–       Removal of the ‘Resident Labour Market Test’ (RLMT).

–       Lighter touch sponsor license system – the Government plans to review the existing sponsorship requirements to reduce unnecessary and bureaucratic barriers. This will also include a review of the impact on small and medium sized employers, like many in the faith based sector.

–       Increased focus on sharing and utilising cross departmental government data to reduce the administrative burden on employers.

–       A tiered system of sponsorship which would make it significantly easier for smaller organisations to get a sponsor licence.

New 12 month visa for temporary short-term workers

This visa will allow workers to come for a maximum of 12 months to carry out low skilled work, with a cooling-off period of a further 12 months to prevent people working in the UK permanently. This temporary visa will only be open to nationals of certain countries (there is no indication which countries at this stage).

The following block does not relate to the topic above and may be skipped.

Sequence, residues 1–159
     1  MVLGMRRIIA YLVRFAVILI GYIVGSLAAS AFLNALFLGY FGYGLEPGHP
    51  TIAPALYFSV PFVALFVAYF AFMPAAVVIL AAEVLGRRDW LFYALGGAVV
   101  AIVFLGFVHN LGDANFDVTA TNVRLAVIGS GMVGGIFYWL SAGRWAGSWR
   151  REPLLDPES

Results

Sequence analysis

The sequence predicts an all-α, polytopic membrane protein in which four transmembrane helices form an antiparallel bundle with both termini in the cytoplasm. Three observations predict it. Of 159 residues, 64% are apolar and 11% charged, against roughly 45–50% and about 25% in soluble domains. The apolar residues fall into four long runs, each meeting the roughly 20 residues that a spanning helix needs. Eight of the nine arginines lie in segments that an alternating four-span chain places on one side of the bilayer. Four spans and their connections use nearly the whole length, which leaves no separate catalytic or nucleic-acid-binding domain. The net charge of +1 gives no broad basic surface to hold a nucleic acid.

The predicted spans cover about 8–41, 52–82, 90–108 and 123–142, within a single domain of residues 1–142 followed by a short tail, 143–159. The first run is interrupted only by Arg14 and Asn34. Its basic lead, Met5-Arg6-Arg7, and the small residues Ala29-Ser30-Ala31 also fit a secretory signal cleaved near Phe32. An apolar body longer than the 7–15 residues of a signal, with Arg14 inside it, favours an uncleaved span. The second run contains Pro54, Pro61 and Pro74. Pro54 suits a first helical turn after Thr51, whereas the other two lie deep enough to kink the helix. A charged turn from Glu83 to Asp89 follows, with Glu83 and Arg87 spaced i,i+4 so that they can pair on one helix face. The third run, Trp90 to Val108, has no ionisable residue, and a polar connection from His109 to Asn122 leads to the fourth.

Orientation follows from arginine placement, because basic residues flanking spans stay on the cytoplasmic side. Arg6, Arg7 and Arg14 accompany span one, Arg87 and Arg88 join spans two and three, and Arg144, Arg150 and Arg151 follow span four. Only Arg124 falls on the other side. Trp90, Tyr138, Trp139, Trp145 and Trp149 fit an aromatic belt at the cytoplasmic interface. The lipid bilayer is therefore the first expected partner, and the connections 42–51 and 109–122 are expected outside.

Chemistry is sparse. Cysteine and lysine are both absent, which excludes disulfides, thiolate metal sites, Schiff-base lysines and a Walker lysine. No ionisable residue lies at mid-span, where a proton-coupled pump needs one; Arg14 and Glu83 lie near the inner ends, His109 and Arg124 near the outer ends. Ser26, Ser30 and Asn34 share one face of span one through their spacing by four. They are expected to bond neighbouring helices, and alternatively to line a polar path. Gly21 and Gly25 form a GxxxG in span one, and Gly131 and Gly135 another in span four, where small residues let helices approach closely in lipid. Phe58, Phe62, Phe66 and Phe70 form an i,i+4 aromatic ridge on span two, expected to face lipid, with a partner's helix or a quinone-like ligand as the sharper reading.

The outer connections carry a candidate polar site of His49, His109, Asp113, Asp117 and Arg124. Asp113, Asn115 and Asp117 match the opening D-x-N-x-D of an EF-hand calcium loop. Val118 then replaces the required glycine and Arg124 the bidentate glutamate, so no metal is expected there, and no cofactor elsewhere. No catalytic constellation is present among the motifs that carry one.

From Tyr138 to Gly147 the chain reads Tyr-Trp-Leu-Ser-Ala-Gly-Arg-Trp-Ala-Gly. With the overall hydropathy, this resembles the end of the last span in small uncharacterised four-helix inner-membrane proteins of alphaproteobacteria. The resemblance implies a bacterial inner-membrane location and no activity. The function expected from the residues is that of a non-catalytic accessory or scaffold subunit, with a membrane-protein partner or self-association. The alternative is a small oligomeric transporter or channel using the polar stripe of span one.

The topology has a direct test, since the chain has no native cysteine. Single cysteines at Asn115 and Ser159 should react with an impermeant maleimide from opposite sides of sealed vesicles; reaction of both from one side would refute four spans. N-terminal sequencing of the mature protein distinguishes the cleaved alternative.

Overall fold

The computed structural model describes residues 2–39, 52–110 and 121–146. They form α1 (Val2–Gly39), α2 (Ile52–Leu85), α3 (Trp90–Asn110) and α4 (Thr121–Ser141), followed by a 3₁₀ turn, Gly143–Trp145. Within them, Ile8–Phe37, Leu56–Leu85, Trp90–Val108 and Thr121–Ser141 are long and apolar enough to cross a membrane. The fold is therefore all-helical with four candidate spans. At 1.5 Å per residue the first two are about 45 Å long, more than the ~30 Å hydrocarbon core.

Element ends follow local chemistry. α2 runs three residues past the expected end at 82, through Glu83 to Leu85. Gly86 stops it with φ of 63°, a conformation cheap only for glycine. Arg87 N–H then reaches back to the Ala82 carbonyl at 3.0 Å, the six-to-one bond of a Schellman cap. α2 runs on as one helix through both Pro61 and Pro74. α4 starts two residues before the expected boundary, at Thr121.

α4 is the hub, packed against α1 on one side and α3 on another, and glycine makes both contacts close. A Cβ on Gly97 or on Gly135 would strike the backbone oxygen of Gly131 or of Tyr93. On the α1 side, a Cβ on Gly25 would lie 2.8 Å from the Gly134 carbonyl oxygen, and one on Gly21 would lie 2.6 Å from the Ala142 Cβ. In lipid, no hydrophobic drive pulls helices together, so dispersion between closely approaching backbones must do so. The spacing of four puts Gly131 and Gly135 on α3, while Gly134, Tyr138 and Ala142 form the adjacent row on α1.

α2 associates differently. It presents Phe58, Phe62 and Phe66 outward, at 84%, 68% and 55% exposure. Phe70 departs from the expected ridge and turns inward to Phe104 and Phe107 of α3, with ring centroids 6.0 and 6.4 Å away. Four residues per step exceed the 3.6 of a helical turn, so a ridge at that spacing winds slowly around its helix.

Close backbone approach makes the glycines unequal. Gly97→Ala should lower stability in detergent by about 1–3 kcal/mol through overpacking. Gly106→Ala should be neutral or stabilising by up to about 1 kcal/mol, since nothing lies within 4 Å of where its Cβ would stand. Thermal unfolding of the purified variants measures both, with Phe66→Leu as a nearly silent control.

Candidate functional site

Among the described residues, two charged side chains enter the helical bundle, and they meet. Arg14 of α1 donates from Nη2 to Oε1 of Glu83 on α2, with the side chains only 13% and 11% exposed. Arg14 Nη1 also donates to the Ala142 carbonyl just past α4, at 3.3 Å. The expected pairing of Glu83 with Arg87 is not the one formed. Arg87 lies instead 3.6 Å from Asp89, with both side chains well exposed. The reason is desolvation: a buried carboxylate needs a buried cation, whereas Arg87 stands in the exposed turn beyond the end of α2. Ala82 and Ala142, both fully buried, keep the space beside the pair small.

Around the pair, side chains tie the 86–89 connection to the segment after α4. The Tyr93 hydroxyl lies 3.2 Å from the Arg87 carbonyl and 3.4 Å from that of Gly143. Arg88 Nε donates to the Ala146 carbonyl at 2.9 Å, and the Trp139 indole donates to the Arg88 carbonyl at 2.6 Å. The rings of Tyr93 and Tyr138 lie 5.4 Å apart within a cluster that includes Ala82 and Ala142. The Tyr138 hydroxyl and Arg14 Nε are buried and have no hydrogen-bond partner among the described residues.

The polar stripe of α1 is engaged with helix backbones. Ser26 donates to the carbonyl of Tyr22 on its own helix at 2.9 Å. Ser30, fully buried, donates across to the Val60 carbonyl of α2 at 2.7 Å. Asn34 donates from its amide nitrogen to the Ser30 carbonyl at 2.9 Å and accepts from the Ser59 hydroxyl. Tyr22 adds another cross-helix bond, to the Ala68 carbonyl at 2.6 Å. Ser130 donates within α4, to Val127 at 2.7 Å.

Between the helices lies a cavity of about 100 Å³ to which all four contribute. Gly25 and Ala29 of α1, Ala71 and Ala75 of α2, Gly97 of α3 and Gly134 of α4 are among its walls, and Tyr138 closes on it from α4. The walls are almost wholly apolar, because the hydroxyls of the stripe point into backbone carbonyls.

This visa will not carry entitlements such as access public funds, rights to extend a stay, switch to other categories, bring dependants or lead to permanent settlement.

Proposal to expand youth mobility arrangements

Currently many employers have the advantage of employing individuals who are in the UK under the Tier 5 (Youth Mobility Scheme), a 2 year visa held migrants from certain countries. The Government has indicated in the White Paper that they are willing to add more countries to the list.


With Brexit looming, our immigration system looks to change significantly and we can provide strategic advice to employers currently employing EU nationals or those interested in what the immigration landscape will look like in the future.

This information is necessarily of a general nature and doesn’t constitute legal advice. This is not a substitute for formal legal advice, given in the context of full information under an engagement with Bates Wells.

All content on this page is correct as of February 22, 2019.